Approval means lower interest rate for new fire station
Residents of Wesley Chapel’s fire district could be looking at a fire tax hike, in order to pay for the department’s new station. Butch Plyler, president of the department’s board of directors, cautioned commissioners Monday, Feb. 7 that due to delays, he couldn’t promise a tax increase wouldn’t be needed in order to pay for the station.
“Had the board given us our permits last year, we would have saved at least 1 percent on our loan,” Plyler said. “Had we (built) at that time, it would have been enough.”
For more than two years, the department has attempted to replace the 39-year-old station. The current facility lacks air conditioning, the septic tank backs up and the two fire trucks can barely fit inside the bay. The new facility will offer 12 cubicles for sleeping quarters, which the current station lacks; game and training rooms; offices; storage; and an updated kitchen.
Charlotte based firm Edison Ford won the contract to build the new station with its $3.824 million bid. The department outlined in its budget that it will pay for the new station by substituting one payment for another. This year marks the last year Wesley Chapel has to make $360,000 in payments on its two fire trucks. With construction costs on the rise, Plyler said, he couldn’t guarantee the department would be able to pay for the station without an increase in the district’s 2.2 cent fire tax.
“There’s not a lot of wiggle room,” he said.
Plyler was before county commissioners asking for their approval of the department’s loan. With county support, such a loan can get tax exempt financing, resulting in a much lower interest rate. The board voted to support the loan 4-1, with commissioner Tracy Kuehler in opposition.
“There is a difference between want and need,” Kuehler said. “There is a difference between what is deserved and what is feasible.”
Kuehler argued that the department should have cut expectations and instead built a smaller station for $2 million, the number mentioned in the county’s fire study for a station that would fit both current and short term future needs.
Plyler argued that was the difference, that the department planned to build once for long term needs, during a construction climate where prices are low.
“It’s a 50 year building, it’s not something we just thought up,” Plyler said. “You want a firefighter to come back to something like a home. The build we have there now is unsuitable.”
Pending merger, other issues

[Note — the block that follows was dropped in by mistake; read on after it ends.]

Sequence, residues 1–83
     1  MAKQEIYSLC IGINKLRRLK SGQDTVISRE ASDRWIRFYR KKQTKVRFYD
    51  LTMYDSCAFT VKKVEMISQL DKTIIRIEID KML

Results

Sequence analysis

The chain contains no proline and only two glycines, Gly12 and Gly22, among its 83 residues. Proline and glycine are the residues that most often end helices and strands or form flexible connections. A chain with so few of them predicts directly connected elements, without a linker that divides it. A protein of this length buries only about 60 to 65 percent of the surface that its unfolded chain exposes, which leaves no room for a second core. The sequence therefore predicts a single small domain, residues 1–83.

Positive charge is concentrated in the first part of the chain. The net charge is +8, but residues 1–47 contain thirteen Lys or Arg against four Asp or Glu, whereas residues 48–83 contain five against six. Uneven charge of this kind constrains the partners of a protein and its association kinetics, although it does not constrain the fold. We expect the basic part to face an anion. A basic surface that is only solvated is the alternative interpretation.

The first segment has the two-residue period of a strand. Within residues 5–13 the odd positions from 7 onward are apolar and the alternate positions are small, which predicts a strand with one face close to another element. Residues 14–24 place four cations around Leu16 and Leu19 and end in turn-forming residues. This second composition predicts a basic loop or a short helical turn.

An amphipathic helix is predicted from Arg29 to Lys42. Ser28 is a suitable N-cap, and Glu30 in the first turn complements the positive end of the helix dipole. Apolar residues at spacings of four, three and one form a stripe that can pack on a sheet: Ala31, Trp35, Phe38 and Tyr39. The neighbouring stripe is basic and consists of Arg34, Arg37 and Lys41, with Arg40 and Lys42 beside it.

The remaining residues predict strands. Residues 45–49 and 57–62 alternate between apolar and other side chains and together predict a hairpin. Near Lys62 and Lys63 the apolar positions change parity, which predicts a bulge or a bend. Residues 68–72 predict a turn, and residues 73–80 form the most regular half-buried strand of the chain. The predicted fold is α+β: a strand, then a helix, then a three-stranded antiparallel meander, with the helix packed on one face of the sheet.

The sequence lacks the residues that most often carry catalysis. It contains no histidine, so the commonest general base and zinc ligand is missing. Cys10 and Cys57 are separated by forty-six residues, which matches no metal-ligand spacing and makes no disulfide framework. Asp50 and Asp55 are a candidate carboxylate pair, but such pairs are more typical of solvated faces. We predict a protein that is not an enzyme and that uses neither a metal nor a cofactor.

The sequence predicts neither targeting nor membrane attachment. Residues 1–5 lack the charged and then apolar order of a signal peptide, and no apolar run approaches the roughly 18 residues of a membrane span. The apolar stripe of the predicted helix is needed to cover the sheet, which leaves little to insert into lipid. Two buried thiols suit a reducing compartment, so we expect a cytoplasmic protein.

A possible tax hike is just one of the changes residents in the Wesley Chapel district could see over the next year. In January, Wesley Chapel agreed to discuss a potential merger with the Providence Volunteer Fire Department. A steering committee, consisting of members from both fire departments, held their first meeting with the Weddington Public Safety Committee Jan. 26 and continues to explore how a merger would work.
Last year’s county fire study called for merging the two departments, however the study doesn’t dictate how the merged fire district should be re-aligned or where to place any new stations. The study also doesn’t suggest how that merger would affect the current Providence station on Hemby Road.
Providence has struggled financially in recent months, with the department running into a $99,694 deficit in November. Weddington helped temporarily by giving the department $162,000, the remainder of its funding for the fiscal year, which runs from July 1 to June 30. The town pays $210,300 to Providence each year.
Concerned about the department’s ability to sustain itself long term, the town pushed for Providence and Wesley Chapel to discuss a merger.
Providence exists as a fire fee district, while Wesley Chapel operates on a fire tax. If the merger does go through, the question also would be raised as to how the expanded district would be funded. Keeping the Providence fire fee would depend on state lawmakers.
County commissioners passed a resolution Jan. 4, asking the state to repeal the so-called “sunset clause” on fire fees. To get the maximum allowed fire fees doubled, Union County agreed last spring to end the practice of using fire fees to help fund local departments by 2012. Faced now with decisions on how to keep the departments operating, the new commission majority said it was too early to take something off the table.
To eliminate funding shortages at local fire departments, Union County needs to change the current financing mechanism for all departments. That would mean eliminating inadequate fire fees that result in the county having to bail out departments that don’t receive enough money to pay their bills. Bailouts cost the county fund $700,000 in the 2009-10 fiscal year.
The Union County state delegation must support a repeal of the sunset clause however. Former Union County Rep. Curtis Blackwood, an opponent of fire fees, fought while in office to maintain the sunset clause, but his successor, Craig Horn, said he would like to see a plan in place before making a decision.
“What is unclear to me is what funding strategy does the Board of County Commissioners recommend for our fire service in Union County,” Horn, who also has served on the fire commission, said. “Clearly the present system is inadequate. Most of the fire departments’ (funding) are clearly inadequate, thus requiring substantial subsidy from county tax revenues.”